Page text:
My feelings toward the Republican Party have not changed. They really are no longer Republicans. There are some moderates left, but the narrow, fear mongering voice of the party that has taken over drowns out all of those that speak truth. They have traded in a Christian belief of loving your neighbor for one that champions big business, the wealthy, and those that have no idea what struggle looks like.

Over the past few months alone we have seen how far gone the Republicans really are. 160 voted against The Violence Against Women’s Act. My party that I once loved deserted me. Not just as a woman, but as a citizen of this country. We even have a Republican, New Hampshire state Rep. Mark Warden saying “Some people like abusive relationships.” My response to him;

“I can answer truthfully that no, I didn’t like having my jaw broken or the bones in my face shattered. I didn’t like being dragged by my hair or strangled. I didn’t like the bruises, busted lips or black eyes. I didn’t like the mental and physical scars it left me with. And that’s why I left with nothing. I didn’t like having to choose between my life and my livelihood, even when your party makes it so hard for women to be on their own. I did. Now, can you please walk in my shoes for a while? My feet are awfully tired.”

When it comes to food stamps I have seen many of my Republican friends say how it’s so great that we have drug tests for food stamps and yet they’ve never given out food to the homeless or the poor. And they don’t care that the testing will cost Florida millions of dollars and thus far has only saved them $60,000. 98% of those tested have passed. It’s still the idea that everyone that needs help must be lazy and on drugs. Another lie that the Republicans would have us believe. I’m sure that there are some that fall into that category, but not all. Just like I know that not all Republicans are right-wing, gun-toting, women hating nut jobs…just some of them are.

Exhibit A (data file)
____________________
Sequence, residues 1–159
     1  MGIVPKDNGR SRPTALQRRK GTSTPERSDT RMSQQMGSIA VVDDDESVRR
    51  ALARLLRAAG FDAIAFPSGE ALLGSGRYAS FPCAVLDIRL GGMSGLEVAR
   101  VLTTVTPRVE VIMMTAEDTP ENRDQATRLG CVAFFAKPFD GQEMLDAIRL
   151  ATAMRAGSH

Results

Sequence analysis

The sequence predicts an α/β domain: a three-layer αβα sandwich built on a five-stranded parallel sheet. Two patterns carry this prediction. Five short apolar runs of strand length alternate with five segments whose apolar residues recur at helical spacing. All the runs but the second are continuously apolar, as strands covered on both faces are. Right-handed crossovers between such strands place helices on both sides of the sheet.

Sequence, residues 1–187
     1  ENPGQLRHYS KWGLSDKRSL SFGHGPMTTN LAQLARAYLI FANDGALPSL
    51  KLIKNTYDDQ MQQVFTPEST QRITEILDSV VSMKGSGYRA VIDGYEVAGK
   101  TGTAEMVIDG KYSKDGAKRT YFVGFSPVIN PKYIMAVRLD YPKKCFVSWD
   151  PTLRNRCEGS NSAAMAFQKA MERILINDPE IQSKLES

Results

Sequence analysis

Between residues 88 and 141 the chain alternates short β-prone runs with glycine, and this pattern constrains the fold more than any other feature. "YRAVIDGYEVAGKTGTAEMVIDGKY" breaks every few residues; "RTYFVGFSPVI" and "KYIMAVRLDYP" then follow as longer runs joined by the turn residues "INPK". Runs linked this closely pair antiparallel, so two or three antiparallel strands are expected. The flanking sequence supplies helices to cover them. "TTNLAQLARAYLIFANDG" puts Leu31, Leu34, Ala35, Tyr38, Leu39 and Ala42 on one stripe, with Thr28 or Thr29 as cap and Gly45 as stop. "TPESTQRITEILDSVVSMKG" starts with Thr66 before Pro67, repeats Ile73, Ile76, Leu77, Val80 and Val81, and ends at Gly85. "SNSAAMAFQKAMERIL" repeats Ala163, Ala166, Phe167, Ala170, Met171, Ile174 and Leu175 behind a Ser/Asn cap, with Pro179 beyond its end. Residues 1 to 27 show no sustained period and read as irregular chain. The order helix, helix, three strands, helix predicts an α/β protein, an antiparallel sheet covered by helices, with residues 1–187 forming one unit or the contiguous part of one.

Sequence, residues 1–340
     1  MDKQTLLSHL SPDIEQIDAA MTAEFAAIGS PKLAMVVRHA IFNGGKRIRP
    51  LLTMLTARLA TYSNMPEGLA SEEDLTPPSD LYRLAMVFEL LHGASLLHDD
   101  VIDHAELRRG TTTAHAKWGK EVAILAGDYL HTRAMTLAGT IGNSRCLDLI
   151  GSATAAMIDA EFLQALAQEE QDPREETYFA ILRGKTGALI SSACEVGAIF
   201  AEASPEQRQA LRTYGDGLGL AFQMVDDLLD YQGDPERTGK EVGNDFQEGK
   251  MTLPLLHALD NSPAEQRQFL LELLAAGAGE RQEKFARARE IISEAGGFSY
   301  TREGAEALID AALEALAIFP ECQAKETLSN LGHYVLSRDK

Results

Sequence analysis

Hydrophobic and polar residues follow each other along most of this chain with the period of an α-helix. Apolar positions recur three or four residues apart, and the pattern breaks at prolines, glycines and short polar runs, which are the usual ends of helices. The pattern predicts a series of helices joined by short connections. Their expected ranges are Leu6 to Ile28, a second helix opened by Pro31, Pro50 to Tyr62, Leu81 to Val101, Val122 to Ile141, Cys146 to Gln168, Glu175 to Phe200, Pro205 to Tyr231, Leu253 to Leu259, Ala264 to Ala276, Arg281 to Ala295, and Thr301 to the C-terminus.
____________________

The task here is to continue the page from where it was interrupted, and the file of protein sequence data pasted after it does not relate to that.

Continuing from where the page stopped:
There’s another issue that I’ve decided to add in here. I debated long and hard on it, but it needs to be talked about. It’s the issue of guns. On September 4, 1962 my grandmother was shot and killed with a .45 caliber automatic pistol. It was a gun that was obtained legally from our own US government actually. Because of this I have very strong views on gun control. Yes, I had them even as a Republican. I just kept them to myself back then. I don’t care what nationality, race, religion or party affiliation you are. When you believe that your right to own a gun is greater than another human being’s right to live, you have serious problems. I am at a loss for words as to how the very same people who wear the name of Christian are also the loudest opponents of gun control. “Jesus loves you, but please don’t take this deadly weapon from me.”

My grandmother was a model and an artist. She left behind 3 small children. One of them was my mother. How different her life would have been if our country had strong gun control laws.